Presenter: Georgina Msemo, Department of Family and Reproductive Health/International Center for Maternal and Newborn Health, Johns Hopkins Bloomberg School of Public Health
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Background: In Tanzania, addressing birth asphyxia, a leading cause of newborn death, is a national priority and includes scale up of Helping Babies Breathe (HBB).
Methodology: HBB scale up – led and coordinated by the government with high-level commitment, ownership, stakeholder consensus, a country scale-up plan and technical and financial support focuses on preparing competent providers, improving facility readiness and strengthening the routine health information system (HIS).
Results: Over 17,000 providers were trained and more than 3,300 health facilities across 16 regions were equipped with resuscitation devices, training manikins and job aids for low-dose high-frequency on-site trainings. After 1 year of implementation, the number of deliveries conducted by an HBB-trained providers increased from 0% to 58%. However, lack of on-the-job support, continued practice after training and rotation of trained staff out of labor wards hampered retention of skills and programme impact. To address these challenges, the Government of Tanzania implemented a set of course correction activities including refinement of the HBB training curriculum, development of an on-the-job training and set up of SMS learning reminders system to maintain skills. Newborn resuscitation competencies were also included in the pre-service curriculum. The routine HIS was updated to include key HBB steps and the number of newborns resuscitated. As a result of these interventions, the proportion of deliveries attended by an HBB-trained provider increased to 82% by 2015.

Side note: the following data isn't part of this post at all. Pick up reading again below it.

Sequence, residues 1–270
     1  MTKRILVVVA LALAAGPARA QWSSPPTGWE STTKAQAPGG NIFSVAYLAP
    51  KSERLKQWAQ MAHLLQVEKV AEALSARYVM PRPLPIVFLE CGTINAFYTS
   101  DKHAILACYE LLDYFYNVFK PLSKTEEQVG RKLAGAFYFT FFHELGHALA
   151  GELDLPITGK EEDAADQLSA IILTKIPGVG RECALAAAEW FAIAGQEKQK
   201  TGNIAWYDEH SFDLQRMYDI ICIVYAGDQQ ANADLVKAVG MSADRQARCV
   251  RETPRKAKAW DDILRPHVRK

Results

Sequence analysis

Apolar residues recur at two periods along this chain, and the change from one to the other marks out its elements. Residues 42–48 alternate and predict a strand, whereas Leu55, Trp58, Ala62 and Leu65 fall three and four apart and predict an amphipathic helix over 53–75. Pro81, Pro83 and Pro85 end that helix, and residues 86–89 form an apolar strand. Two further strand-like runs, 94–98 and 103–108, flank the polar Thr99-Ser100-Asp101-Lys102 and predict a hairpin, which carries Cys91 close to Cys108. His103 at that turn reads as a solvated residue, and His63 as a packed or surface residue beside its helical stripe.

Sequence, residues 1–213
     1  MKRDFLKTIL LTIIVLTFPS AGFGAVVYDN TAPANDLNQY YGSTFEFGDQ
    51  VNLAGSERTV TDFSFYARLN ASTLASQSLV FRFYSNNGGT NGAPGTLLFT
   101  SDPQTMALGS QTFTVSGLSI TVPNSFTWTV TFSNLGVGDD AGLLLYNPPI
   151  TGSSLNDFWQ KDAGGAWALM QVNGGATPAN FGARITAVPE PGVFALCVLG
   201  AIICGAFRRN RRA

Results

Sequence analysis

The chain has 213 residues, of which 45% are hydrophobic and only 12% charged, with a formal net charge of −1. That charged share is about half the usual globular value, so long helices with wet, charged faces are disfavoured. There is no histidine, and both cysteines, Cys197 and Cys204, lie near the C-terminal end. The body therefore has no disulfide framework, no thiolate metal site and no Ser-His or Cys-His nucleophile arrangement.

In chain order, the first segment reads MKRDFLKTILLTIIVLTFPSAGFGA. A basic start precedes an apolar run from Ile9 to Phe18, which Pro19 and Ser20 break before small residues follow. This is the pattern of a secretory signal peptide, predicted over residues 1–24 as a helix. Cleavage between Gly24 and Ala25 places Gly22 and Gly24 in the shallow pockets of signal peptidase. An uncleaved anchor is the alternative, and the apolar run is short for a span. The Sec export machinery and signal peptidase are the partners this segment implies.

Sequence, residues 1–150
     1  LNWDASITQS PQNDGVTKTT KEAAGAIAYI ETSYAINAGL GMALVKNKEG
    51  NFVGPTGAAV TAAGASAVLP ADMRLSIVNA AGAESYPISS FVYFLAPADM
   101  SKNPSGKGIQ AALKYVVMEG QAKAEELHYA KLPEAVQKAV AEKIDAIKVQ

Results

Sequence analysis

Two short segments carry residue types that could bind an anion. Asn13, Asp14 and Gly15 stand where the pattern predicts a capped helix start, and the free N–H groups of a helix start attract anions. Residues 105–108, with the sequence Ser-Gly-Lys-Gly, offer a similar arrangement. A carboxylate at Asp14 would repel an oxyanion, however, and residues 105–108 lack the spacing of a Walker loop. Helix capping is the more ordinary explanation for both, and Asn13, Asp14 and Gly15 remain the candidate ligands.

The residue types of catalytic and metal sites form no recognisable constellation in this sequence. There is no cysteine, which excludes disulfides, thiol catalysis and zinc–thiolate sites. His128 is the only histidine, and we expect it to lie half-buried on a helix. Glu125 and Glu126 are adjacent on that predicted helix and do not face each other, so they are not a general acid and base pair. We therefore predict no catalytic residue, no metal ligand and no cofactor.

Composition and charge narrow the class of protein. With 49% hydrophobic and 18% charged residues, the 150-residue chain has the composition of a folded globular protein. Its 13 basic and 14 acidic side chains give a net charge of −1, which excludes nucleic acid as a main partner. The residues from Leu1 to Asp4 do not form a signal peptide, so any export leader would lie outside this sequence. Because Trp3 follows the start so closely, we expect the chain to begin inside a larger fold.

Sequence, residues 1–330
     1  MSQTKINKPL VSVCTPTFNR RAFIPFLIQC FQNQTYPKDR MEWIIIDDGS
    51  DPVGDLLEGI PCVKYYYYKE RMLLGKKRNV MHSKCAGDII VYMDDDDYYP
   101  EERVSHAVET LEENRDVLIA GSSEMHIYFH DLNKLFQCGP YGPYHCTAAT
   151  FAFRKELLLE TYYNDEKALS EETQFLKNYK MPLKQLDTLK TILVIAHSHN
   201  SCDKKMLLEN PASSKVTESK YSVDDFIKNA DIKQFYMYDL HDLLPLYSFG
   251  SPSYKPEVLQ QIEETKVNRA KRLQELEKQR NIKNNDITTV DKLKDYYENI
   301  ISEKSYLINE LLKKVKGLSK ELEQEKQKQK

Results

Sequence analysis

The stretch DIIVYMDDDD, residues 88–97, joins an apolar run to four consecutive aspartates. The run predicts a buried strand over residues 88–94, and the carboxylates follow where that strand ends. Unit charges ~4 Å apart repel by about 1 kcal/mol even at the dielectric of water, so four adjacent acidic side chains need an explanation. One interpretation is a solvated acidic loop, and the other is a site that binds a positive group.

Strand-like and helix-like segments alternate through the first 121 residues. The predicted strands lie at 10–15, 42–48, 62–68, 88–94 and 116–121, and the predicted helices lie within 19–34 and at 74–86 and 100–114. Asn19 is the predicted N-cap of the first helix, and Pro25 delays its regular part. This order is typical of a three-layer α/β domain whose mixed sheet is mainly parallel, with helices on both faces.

Conclusions: Health systems strengthening is essential for successful scale up and should include support for logistics, routine HIS strengthening and policies for continuous professional development to retain and update clinical skills. A key next step in Tanzania is implementation of a clinical mentorship system and ongoing strengthening of the HIS to improve measurement of newborn health service delivery and outcomes.